Location: Remote (preference for candidate with easy access to Manchester or Hull, but all locations considered. For Hull-based candidates, we have offices to which you would have access to including their in-house pool table and bar!)

Hours: 8-4 preferred (flexible arrangements available)

Purpose of the Role

We are growing our development team. We have an ambitious development roadmap for the next 12 months and we are looking for a self-motivated developer with experience working in an agile team to help us to deliver for our clients. We are looking for support in developing our TDD processes as well as someone who takes pride in their excellent, clean and readable code. 


  • C# ASP.NET MVC In-depth understanding of C# with .NET Core and .NET framework experience
  • JavaScript Front end development experience using a JavaScript framework (Angular, React or Vue etc.)
  • OOP In-depth understanding of object-oriented programming and SOLID principles
  • Refactoring Must be confident in refactoring out-dated code with modern best practices
  • API Development Experience in developing and consuming APIs
  • Testing Experience writing automated tests
  • SQL Experience working with SQL 
  • Git Comfortable using Git

Desirable Skills

  • AWS
  • CI/CD pipelines
  • Experience of working in an Agile team

Person Specification

  • A degree in Computer Science or a similar discipline, and 2+ years of commercial experience. In lieu of a CS degree, proven industry experience would be equally good.
  • Experience working with or knowledge of the Scrum Framework.

Familiarity in some of the following areas: 

  • The basics of web development – HTML, CSS • Modern front-end JS technologies – Ember.js, or Vue.js would be a bonus! 
  • Server side languages – including PHP (Laravel), C# (.NET)
  • Database Technologies – including SQL Server, MySQL 
  • Knowledge of continuous integration tools would be perfect.

Why join SPC?

  • 23 days holiday + bank holidays + your birthday off!
  • Competitive salary and performance-related bonus
  • A Company supported pension
  • Family-friendly employer – SPC is the home of many parents who benefit from flexibility around their childcare responsibilities
  • Fully-remote team with staff across the world
  • Training opportunities to support your career development.

About Our Tech

We are a young team still working out what works for us. We currently have technology in PHP, .Net Framework and .Net Core. We present our work with HTML5, CSS and JS and our databases are in MSSQL. We rely on Jira to keep our workflow straight, Sonorcloud, and Resharper to keep us on our toes.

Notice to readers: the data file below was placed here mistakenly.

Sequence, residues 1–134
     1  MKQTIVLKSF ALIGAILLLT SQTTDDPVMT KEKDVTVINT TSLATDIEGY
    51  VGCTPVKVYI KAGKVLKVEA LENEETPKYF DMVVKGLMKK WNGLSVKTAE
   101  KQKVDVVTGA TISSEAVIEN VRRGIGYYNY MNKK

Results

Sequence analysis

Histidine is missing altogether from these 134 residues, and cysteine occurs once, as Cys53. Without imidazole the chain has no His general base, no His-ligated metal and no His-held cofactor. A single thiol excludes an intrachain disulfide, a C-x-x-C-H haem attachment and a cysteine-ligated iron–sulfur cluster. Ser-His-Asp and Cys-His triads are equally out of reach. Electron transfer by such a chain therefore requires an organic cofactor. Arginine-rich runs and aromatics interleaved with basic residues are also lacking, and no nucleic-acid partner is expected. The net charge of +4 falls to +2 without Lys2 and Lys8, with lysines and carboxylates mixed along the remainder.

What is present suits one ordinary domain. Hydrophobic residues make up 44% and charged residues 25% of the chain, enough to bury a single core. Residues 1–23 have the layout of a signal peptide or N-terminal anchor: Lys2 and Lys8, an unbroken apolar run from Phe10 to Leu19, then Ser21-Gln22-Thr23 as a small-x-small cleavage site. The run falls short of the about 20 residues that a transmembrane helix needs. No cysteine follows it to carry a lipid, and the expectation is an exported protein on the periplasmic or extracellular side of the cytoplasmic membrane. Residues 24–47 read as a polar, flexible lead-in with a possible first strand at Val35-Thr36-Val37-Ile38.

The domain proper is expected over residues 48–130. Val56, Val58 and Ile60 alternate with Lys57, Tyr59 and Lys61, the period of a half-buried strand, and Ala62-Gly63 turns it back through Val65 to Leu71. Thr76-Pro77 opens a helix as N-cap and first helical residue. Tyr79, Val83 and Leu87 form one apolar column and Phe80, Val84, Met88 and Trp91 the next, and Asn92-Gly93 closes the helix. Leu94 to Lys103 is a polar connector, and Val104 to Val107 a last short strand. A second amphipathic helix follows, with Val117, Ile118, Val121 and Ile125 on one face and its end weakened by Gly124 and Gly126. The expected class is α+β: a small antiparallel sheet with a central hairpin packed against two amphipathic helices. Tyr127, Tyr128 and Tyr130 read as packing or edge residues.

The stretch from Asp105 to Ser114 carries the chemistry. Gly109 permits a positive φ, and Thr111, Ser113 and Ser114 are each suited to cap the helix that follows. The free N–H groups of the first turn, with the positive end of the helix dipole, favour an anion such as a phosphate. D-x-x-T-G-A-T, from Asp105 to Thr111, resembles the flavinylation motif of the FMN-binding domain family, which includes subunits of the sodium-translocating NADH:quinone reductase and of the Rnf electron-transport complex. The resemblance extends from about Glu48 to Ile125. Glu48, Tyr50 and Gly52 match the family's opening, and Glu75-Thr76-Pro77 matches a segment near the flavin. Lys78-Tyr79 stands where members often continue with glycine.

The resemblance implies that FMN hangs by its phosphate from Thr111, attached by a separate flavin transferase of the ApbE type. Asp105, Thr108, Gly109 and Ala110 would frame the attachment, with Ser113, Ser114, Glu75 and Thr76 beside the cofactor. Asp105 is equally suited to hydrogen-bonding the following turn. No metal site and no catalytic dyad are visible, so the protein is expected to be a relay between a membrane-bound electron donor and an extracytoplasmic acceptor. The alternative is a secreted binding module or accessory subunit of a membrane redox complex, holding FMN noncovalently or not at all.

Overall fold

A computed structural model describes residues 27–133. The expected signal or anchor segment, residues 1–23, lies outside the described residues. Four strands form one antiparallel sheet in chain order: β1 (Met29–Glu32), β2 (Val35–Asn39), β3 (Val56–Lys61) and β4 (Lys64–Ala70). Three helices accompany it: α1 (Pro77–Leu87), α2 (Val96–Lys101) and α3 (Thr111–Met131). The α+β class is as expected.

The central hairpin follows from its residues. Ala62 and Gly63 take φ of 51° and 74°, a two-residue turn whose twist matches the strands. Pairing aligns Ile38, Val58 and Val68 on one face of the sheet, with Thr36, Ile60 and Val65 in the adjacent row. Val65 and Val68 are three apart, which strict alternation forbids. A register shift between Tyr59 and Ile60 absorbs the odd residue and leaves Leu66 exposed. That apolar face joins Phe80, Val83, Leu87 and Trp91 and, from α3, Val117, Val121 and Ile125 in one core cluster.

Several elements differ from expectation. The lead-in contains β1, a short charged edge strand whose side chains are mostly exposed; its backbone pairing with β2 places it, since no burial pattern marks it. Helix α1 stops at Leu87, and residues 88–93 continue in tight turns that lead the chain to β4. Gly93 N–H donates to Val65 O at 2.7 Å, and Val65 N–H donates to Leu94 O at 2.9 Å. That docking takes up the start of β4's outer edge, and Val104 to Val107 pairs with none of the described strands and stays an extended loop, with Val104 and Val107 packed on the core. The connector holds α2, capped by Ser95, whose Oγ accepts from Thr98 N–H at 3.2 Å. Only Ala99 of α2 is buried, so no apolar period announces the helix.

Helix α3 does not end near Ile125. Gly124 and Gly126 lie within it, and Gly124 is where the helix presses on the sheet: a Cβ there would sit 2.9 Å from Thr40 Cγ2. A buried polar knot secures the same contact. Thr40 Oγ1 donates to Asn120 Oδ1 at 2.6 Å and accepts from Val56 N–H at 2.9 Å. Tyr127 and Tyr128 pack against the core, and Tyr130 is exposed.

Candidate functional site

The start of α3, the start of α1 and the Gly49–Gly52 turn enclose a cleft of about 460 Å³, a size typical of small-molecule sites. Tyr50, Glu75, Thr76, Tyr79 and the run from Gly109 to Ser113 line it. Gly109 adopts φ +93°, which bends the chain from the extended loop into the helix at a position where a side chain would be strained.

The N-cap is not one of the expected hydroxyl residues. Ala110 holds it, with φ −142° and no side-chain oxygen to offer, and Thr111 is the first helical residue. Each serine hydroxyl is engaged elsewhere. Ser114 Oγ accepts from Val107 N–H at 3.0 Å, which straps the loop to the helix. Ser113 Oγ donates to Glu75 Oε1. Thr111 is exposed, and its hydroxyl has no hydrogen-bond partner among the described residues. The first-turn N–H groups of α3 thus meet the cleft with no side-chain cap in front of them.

About Social Profit Calculator

Social Profit Calculator (SPC) is a consultancy and software company specialising in the measurement, monitoring and calculation of social, economic and environmental impact. Our Social Value Calculator is accredited by Social Value UK and Social Value International to provide robust and credible calculations of Social Value across all project stages, from planning to operation, asset value, fund management and end-user experience.

At SPC, we use our practical knowledge, experience and expertise to provide clients across all sectors with innovative, forward-thinking and deliverable social value policies and strategies. We work with businesses of all sizes to offer a comprehensive range of tender services: including procurement support, social value offers, HM Treasury Business Case appraisal support and bid writing. We have a diverse client base across a range of sectors including construction, retail, finance, professional services, public sector and third sector organisations. Our target market is mostly in the construction and infrastructure sectors, although we work broadly too.

Social Value is a growth area, and we are a growing business. This means building a dynamic, inspiring culture where we celebrate diverse, bold thinking. We are curious, creative and open to new ideas and ways of working, and it takes the skills of a collaborative team to deliver on what we can do.

We recently took the decision to become a fully remote team and have successfully transitioned to working together online full time. We have ambitions, however, to meet in person (Covid-permitting) from time to time and hence would prefer a candidate with convenient access to either Manchester (where most of our team are based) or Hull, where our sister company, Pagabo, have excellent meeting facilities.

Application Process

Please provide a CV, covering letter and your Github to Sarah@staging.socialprofitcalculator.co.uk.

We expect to conduct the recruitment process completely online during December.

Applications close 5th January 2020 23:59.

New year, new rules

From 1st January 2021, the government is introducing a new public procurement model that takes greater account of the additional social value created by contractors who are bidding for work.